If you want to get a high response rate for a healthcare survey – whether for patient satisfaction, appointment follow up, or even a research study – you can still do no better than telephone. A phone call is interruptive, meaning that respondents cannot “put it off until later” and forget or simply move on. A phone call requests an immediate response from the call recipient, and fortunately for those gathering the information, most call recipients adopt a might-as-well attitude to this kind of interruptive technology, prompting a higher response rate than any other type of survey.
However, it is crucial that your respondents answer truthfully; exaggeration and euphemism can lead info gatherers to draw conclusions that are at best flawed and at worst false. It’s a classic attribute of human nature; when interacting with other humans, especially strangers, people find it difficult to be completely honest – especially about topics as intimate as personal health and habits. Respondents fear that the caller asking them questions will judge them, pity them, have human reactions to whatever responses the call recipient gives – so they fudge the truth a little to appear less flawed.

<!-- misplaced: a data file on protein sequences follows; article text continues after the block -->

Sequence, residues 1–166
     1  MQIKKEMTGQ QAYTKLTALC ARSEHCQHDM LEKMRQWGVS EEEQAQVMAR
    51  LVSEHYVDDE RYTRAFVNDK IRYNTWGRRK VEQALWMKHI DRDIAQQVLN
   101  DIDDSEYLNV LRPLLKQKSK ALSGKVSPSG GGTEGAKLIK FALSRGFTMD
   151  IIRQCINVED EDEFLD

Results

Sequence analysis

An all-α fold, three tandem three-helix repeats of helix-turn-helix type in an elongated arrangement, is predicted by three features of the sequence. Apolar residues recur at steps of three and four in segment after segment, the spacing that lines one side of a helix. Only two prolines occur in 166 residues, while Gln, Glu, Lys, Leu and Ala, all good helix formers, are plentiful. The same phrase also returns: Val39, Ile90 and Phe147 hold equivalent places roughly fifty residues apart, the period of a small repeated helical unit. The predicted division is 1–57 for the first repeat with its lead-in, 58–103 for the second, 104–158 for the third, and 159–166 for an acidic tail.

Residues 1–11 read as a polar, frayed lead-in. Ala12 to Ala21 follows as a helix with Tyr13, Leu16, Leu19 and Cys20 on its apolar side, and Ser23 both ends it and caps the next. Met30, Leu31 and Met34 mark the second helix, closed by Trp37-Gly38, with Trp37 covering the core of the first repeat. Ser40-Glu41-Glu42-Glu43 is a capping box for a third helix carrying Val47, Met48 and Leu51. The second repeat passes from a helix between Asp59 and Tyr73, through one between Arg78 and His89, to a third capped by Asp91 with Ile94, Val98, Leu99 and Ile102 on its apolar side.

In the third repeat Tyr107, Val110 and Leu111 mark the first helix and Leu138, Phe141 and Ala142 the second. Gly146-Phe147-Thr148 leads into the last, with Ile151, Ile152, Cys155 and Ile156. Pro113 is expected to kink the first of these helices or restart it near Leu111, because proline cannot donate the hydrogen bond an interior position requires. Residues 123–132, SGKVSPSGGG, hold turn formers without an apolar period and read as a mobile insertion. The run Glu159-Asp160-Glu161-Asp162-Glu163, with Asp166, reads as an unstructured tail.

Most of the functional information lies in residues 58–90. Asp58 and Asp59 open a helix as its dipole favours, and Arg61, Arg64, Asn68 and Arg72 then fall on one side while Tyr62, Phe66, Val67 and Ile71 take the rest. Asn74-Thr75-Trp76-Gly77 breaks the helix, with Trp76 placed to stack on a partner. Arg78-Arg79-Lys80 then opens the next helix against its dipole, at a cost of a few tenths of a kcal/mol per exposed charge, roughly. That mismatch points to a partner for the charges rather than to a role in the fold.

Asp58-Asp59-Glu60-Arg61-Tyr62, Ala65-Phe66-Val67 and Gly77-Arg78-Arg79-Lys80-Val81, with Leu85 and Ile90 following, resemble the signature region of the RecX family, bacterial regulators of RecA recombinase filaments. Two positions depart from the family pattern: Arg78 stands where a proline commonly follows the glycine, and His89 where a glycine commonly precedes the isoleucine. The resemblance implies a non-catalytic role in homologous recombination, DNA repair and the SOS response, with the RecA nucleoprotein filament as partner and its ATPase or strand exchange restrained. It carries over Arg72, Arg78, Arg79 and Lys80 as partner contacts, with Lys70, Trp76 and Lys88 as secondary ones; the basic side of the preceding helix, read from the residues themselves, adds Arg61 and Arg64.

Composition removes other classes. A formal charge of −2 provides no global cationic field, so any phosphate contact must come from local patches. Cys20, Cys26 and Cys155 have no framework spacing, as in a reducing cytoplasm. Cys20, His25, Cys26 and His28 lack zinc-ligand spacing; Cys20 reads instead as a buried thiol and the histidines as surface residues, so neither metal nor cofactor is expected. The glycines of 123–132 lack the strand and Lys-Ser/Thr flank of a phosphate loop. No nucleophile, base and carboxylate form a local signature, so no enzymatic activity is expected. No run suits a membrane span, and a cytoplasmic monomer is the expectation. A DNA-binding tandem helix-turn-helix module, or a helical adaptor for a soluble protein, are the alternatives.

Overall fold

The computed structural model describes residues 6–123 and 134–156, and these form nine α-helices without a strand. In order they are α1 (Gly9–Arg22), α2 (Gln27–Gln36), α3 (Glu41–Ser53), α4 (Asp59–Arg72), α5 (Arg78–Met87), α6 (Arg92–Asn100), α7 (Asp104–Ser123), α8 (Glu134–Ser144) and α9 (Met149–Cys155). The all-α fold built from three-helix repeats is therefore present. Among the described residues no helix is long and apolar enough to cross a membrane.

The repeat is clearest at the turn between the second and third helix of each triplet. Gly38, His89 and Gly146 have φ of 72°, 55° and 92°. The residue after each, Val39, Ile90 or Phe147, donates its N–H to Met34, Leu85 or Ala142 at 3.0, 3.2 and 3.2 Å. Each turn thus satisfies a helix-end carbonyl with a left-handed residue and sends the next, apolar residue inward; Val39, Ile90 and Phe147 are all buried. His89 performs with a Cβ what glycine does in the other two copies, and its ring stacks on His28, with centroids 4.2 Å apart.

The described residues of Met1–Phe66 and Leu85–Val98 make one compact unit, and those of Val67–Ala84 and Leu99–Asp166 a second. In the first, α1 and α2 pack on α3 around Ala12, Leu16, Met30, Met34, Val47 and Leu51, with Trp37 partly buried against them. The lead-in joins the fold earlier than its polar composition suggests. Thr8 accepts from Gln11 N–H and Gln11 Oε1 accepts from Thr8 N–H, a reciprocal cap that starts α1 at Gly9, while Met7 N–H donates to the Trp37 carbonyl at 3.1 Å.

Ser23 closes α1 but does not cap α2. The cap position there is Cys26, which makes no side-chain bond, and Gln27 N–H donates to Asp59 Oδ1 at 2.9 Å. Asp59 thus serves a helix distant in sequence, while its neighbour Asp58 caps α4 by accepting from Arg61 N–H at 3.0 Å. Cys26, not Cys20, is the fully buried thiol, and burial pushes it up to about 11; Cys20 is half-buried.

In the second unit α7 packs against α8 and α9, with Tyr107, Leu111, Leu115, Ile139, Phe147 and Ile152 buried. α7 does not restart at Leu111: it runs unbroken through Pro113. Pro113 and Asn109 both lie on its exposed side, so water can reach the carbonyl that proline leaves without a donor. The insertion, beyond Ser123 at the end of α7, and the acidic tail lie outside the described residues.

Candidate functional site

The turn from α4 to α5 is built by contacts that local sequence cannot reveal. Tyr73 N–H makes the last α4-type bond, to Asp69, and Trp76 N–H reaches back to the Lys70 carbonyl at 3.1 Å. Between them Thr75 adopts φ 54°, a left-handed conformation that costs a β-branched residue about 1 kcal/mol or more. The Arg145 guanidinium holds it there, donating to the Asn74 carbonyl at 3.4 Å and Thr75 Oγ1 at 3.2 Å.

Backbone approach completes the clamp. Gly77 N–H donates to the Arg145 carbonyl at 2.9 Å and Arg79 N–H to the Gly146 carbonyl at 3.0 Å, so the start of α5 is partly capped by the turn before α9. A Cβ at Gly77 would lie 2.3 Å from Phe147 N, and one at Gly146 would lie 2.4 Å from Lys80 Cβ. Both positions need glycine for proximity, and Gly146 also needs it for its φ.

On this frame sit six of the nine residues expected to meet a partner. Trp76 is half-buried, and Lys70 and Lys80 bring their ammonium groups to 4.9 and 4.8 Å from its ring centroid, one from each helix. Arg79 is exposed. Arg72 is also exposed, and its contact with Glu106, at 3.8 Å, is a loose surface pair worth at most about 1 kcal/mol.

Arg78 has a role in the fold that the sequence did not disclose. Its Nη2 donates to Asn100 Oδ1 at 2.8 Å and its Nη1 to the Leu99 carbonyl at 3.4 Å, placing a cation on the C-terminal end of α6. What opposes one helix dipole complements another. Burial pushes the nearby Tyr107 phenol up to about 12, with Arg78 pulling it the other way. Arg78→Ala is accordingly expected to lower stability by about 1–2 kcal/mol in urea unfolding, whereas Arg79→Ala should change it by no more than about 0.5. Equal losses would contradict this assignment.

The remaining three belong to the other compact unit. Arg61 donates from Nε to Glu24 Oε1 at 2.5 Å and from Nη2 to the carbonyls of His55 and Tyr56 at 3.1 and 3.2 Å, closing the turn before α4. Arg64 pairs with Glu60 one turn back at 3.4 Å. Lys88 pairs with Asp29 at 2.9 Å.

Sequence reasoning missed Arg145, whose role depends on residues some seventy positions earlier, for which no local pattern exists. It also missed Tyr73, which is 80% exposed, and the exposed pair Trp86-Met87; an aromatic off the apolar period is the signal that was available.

According to a study published by the Journal of General Internal Medicine, however, there is a way to achieve both the high response rate by deploying a telephone survey and an accurate survey sample, despite human nature. Interactive voice response (IVR) technology can deploy a telephone survey that is still interruptive in nature, but removes the imperfections or inconsistencies introduced by a human interviewer. An IVR survey can be cheerful, warm, and friendly, with recorded prompts from professional voice actors, but respondents are still able to respond truthfully, knowing that the automated system cannot judge them – and it works!
Check out the study to see how an automated survey can get you accurate results in no time!